Delaware Governor-Elect John Carney and State Senator Brian Pettyjohn held a question and answer session at J.D. Shuckers in Georgetown this morning. The packed restaurant submitted many questions. A few of them dealt with Delaware education. Carney’s answers provided some insight to one of his recent decisions. Continue reading John Carney Q&A Reveals Thoughts On Education In Delaware: Susan Bunting, Labor Day, and Test Scores
JP Morgan Chase will be giving away $75 million in grants over the next five years to different states in their “New Skills For Youth” program. The goal is to implement career readiness programs in order to have more students ready to enter the workforce. This is all part of the original design, detailed in a letter to Hillary Clinton 24 years ago.
What is interesting is who is on the advisory committee JP Morgan Chase used for this initiative. We have the Council of Chief State School Officers (CCSSO), the National Association of State Directors of Career Technical Education Consortium, and the Education Strategy Group. The CCSSO was instrumental in launching Common Core on unsuspecting states. But the last of these groups is very interesting given one of their recent hires this year.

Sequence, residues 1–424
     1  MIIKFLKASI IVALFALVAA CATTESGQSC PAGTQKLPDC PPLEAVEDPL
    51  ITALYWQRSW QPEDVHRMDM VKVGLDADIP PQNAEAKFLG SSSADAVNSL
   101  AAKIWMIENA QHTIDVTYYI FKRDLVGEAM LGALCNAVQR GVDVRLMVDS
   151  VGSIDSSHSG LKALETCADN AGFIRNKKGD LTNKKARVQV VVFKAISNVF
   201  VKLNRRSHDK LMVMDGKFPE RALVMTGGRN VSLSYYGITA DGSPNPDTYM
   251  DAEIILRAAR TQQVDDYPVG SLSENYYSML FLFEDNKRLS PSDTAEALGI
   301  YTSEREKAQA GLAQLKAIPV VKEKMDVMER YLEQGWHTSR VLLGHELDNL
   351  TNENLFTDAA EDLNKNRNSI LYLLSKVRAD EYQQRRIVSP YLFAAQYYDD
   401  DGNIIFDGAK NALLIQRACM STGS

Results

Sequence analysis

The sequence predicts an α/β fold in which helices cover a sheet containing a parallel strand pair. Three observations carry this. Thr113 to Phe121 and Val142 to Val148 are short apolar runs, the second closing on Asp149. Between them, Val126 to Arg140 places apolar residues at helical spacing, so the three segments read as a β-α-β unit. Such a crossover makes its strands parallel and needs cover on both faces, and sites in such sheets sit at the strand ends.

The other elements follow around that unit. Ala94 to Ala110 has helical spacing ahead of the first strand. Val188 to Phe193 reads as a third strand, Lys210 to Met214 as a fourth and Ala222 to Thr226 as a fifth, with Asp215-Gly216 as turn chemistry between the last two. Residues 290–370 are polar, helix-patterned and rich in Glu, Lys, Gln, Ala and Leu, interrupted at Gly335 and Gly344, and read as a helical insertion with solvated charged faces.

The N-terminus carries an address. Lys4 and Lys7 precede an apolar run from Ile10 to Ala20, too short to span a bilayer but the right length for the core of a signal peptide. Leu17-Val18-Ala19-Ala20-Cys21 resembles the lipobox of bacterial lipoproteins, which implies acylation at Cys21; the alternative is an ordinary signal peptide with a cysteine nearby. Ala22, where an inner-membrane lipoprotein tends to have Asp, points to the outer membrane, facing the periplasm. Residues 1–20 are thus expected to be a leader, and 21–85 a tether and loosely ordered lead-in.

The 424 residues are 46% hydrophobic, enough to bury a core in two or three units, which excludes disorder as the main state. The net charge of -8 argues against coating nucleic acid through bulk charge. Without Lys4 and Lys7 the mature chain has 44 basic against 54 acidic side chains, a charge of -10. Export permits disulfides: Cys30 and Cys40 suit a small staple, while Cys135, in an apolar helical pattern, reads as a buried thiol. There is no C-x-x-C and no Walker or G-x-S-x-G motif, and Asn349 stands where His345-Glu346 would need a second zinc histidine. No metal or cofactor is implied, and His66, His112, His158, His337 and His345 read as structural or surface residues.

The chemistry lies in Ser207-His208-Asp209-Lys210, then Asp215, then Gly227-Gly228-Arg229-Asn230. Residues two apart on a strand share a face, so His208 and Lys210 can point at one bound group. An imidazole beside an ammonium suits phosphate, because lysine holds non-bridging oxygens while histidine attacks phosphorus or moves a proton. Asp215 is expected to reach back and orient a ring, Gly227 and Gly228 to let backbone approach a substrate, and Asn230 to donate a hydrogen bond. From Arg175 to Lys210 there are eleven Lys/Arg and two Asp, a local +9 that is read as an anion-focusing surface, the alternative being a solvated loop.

Remember Ryan Reyna? This former Delaware Department of Education employee was the Director of the Accountability unit under Penny Schwinn. Schwinn and Reyna were the dynamic duo in charge of creating Delaware’s new accountability system. You know, the one with the participation rate penalty that would punish schools for opt outs over 5% of the school or any sub-group.
From their bio for Ryan Reyna:
Ryan joined ESG in 2016 to support ESG’s overall college and career readiness strategy. He leads the organization’s efforts to help states bring stronger, more impactful career-focused indicators into their K-12 accountability systems to ensure that those systems measure and value students’ readiness for the 21st century world of work.
What I didn’t know about Reyna was that before he came to the Delaware DOE, he worked at the National Governor’s Association in their Center for Best Practices. And take a wild guess what he did there?
At the NGA Center, Ryan led the division’s support of governors’ offices on numerous issues, including college and career ready standards, assessment, accountability, and transitions into postsecondary education and training. He also previously held Senior Policy Analyst and Policy Analyst positions at the NGA Center and worked as a Research Associate at the Data Quality Campaign.